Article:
Samira Surfs by Rukhsana Guidroz
📚 BOOK REVIEW 📚
Title: Samira Surfs
Author: Rukhsana Guidroz
Illustrator: Fahmida Azem
Publisher: Kokila @penguinkids
Islamic Content: Muslim characters and setting, Islam is mentioned but not the focal point, Ramadan
Concerns: Now that I'm older, I'm not supposed to swim,
according to my faith.", death is discussed
Samira and her family are illegal Rohingya refugees in Bangladesh that are struggling to make a living. They live outside the gated refugee camp and are trying their hardest to remain under the radar. When she befriends local girls who are surfers, she discovers a brand new love for the sport. Her brother secretly teaches her English and how to surf. When a local surfing competition is announced, Samira can't think about anything else other than being a part of it.
It is wonderful to see that Rohingya stories are finally starting to come to light in children's lit. Personally, this book served as an introduction of the main cause that has displaced many Rohingya Muslim from their homes in Burma. The writing style didn't particularly 'WOW' me nor did it emotionally bind me to the characters or the story.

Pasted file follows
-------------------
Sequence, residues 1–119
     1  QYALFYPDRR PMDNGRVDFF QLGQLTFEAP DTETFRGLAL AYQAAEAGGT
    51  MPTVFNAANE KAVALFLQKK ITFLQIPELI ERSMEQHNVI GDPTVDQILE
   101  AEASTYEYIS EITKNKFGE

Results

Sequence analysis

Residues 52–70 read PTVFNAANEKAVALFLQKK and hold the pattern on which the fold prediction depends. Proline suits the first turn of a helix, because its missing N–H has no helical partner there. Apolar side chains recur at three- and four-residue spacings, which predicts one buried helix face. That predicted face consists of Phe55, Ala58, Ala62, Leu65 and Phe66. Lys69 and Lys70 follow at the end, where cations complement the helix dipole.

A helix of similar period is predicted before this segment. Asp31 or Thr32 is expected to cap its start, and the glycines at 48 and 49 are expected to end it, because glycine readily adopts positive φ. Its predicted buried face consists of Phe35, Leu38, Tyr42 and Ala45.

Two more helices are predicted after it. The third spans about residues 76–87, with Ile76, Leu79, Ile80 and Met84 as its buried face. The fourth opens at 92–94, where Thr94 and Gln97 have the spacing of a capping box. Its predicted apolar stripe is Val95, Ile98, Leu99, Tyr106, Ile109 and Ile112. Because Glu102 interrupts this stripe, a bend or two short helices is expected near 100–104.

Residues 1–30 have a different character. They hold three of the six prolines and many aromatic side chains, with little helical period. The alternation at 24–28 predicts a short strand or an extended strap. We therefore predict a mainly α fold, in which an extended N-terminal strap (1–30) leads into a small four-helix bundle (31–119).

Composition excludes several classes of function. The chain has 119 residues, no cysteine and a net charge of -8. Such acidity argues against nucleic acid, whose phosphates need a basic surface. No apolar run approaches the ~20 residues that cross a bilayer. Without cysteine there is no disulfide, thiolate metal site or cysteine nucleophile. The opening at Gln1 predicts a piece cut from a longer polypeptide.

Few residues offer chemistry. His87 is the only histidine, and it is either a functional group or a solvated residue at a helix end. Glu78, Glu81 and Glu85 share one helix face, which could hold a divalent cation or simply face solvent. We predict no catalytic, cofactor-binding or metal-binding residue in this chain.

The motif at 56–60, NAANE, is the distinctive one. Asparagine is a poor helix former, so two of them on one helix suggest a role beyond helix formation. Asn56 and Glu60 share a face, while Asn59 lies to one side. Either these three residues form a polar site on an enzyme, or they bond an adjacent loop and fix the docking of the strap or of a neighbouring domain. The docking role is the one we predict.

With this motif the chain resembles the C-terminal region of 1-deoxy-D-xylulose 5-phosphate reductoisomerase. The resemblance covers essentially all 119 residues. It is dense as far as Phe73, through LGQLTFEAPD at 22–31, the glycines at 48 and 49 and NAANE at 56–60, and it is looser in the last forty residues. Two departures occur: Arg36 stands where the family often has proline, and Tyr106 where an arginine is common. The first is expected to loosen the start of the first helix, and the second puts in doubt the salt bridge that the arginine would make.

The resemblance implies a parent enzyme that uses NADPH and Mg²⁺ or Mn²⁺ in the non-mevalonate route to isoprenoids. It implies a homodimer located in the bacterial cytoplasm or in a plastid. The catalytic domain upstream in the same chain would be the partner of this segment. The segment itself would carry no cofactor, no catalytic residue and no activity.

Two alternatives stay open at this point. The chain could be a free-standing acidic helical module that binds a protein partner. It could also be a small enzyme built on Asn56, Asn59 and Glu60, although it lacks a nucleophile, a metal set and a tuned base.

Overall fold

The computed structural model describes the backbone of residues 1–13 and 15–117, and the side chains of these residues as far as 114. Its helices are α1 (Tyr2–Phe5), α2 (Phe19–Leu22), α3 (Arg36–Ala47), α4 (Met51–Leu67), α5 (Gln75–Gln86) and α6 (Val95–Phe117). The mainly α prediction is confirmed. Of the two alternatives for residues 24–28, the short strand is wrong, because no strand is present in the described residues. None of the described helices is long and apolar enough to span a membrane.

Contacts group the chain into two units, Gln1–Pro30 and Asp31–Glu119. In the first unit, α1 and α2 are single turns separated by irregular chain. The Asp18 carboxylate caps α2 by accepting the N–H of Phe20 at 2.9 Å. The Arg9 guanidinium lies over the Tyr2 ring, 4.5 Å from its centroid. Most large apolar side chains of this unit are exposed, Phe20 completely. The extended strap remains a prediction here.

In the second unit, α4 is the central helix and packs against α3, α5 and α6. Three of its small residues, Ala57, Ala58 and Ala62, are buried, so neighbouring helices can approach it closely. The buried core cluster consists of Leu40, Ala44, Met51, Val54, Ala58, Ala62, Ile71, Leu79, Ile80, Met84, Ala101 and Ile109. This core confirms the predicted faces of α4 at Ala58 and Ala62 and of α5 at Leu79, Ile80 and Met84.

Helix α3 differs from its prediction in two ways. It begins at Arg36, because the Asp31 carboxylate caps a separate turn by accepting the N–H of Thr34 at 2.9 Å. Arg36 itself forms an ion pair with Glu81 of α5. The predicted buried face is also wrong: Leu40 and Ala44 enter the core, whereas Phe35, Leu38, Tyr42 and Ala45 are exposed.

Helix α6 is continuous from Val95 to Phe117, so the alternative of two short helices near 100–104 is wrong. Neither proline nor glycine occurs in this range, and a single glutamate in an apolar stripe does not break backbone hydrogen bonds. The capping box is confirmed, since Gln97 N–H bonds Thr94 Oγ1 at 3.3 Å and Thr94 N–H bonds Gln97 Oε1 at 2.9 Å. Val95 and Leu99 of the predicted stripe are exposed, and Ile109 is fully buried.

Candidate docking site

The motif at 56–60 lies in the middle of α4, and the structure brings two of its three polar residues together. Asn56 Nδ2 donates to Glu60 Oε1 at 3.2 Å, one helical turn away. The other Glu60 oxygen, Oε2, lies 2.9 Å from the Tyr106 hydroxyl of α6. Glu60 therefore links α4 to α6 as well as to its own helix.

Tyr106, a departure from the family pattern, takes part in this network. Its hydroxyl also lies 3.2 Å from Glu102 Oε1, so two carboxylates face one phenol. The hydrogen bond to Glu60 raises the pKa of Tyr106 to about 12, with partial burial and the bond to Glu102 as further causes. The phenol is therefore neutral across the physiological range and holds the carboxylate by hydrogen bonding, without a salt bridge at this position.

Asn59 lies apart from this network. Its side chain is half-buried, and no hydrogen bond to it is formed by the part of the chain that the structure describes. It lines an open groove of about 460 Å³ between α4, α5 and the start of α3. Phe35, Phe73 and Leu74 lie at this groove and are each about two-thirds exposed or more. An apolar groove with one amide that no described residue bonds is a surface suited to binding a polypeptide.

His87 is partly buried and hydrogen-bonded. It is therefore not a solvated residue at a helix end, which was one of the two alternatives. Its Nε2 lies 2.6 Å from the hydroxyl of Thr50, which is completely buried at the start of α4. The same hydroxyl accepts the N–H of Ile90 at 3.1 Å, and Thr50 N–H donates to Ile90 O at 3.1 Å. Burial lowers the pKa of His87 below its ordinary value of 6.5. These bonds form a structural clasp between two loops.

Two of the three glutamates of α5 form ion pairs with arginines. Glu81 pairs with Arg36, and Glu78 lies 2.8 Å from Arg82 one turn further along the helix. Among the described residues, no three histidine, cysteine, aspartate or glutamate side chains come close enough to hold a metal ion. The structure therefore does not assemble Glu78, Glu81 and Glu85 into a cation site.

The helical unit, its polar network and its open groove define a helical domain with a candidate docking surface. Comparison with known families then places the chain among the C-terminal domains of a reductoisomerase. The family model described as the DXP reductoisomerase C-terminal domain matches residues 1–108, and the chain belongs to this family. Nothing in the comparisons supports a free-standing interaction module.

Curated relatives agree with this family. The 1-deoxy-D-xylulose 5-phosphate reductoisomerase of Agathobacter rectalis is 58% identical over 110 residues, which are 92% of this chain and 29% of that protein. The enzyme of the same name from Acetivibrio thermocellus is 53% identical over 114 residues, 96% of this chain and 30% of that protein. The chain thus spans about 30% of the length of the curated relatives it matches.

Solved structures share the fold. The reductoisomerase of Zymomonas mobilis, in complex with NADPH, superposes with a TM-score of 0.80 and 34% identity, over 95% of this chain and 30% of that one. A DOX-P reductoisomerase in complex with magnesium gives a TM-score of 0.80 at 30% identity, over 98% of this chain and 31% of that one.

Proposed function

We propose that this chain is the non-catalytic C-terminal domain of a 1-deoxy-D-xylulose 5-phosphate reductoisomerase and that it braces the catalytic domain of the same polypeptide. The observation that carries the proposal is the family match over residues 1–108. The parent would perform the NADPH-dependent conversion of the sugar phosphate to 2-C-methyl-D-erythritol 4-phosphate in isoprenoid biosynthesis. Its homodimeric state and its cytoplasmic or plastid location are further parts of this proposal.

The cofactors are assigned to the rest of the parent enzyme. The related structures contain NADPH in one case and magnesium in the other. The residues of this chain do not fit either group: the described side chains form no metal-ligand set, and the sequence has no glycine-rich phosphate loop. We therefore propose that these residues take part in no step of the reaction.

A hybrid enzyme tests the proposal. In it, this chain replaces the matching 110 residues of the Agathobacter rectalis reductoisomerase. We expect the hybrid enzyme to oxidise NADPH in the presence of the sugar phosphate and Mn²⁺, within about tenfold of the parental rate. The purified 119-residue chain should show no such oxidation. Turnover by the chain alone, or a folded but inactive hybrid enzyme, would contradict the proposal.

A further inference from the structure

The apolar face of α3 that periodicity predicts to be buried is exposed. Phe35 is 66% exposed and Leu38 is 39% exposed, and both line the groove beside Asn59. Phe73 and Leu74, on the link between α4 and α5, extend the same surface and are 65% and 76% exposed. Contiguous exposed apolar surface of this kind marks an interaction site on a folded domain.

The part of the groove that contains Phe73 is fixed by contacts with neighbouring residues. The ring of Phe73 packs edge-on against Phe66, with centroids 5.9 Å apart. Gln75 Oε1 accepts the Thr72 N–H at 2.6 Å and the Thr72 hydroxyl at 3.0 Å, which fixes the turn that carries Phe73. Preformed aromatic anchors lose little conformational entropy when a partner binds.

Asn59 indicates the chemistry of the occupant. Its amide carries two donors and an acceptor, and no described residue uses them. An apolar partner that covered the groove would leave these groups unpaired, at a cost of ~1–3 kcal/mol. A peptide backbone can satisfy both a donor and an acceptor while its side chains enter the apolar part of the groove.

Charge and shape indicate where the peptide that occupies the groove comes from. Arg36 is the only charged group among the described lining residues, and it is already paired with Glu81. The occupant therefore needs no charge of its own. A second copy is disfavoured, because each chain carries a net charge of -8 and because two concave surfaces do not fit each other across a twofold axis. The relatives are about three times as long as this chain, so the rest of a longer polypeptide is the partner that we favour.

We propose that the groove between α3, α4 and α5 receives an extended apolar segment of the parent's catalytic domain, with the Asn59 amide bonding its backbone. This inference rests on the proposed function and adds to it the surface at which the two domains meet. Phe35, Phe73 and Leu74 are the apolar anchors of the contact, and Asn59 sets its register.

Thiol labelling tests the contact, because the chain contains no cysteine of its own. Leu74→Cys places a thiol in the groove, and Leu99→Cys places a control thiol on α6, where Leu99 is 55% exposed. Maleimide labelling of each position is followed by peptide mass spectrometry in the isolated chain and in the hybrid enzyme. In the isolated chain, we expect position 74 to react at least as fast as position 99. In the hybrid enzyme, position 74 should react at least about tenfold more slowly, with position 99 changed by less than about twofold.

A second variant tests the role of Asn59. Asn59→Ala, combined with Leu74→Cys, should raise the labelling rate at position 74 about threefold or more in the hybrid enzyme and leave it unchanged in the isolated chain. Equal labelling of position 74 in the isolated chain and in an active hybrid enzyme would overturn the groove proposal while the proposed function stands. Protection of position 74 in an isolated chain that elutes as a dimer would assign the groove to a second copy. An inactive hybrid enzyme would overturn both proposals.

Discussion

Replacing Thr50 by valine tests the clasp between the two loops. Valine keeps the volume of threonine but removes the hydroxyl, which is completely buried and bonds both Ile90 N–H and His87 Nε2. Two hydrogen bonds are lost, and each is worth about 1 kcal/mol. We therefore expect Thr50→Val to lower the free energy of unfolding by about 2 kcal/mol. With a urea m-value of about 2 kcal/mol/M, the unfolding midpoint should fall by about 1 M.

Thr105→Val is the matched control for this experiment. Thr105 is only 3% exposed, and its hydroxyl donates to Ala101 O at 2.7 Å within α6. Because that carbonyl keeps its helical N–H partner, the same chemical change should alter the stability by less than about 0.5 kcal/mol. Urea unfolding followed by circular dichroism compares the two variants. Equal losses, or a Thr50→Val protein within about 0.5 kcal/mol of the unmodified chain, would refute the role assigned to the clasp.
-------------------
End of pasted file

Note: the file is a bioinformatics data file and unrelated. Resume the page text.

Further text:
When stories with Muslim characters are written mainstream, for good reason, I am always cautious about the way that Islam is presented. Merely making a broad statement like Islam does not allow girls to swim, without nuanced context, it really is frustrating. Because here I am, a book reviewer, itching to give context to 1 - how false that statement is because it is smearing Islam with something that it doesn't claim 2 - do I really need to get into details of what the conditions of hijab are and what that means for public spaces? 3 - What about cultural influences and societal norms in different regions of the world even if they are majority Muslim. The hijab itself isn't discussed, but Samira is illustrated with is on and off in public spaces.
While Samira's father is excused from fasting due to his poor health, he decides that no one will be fasting either during the month of Ramadan. As a Muslim parent, I find that to be in poor taste since Ramadan is a pillar of Islam. Also, I didn't really like how the book ended, it just felt very unnatural and unrealistic but that's all I will say because I don't want to spoil it for others who want to read it.
This is nothing new but Muslim stories really need to be told authentically. I don't mind that I read about Muslim characters that err, my frustration surfaces when Islam is misrepresented and, in passing, it is given misplaced blame for people's individual actions, decisions or lifestyles.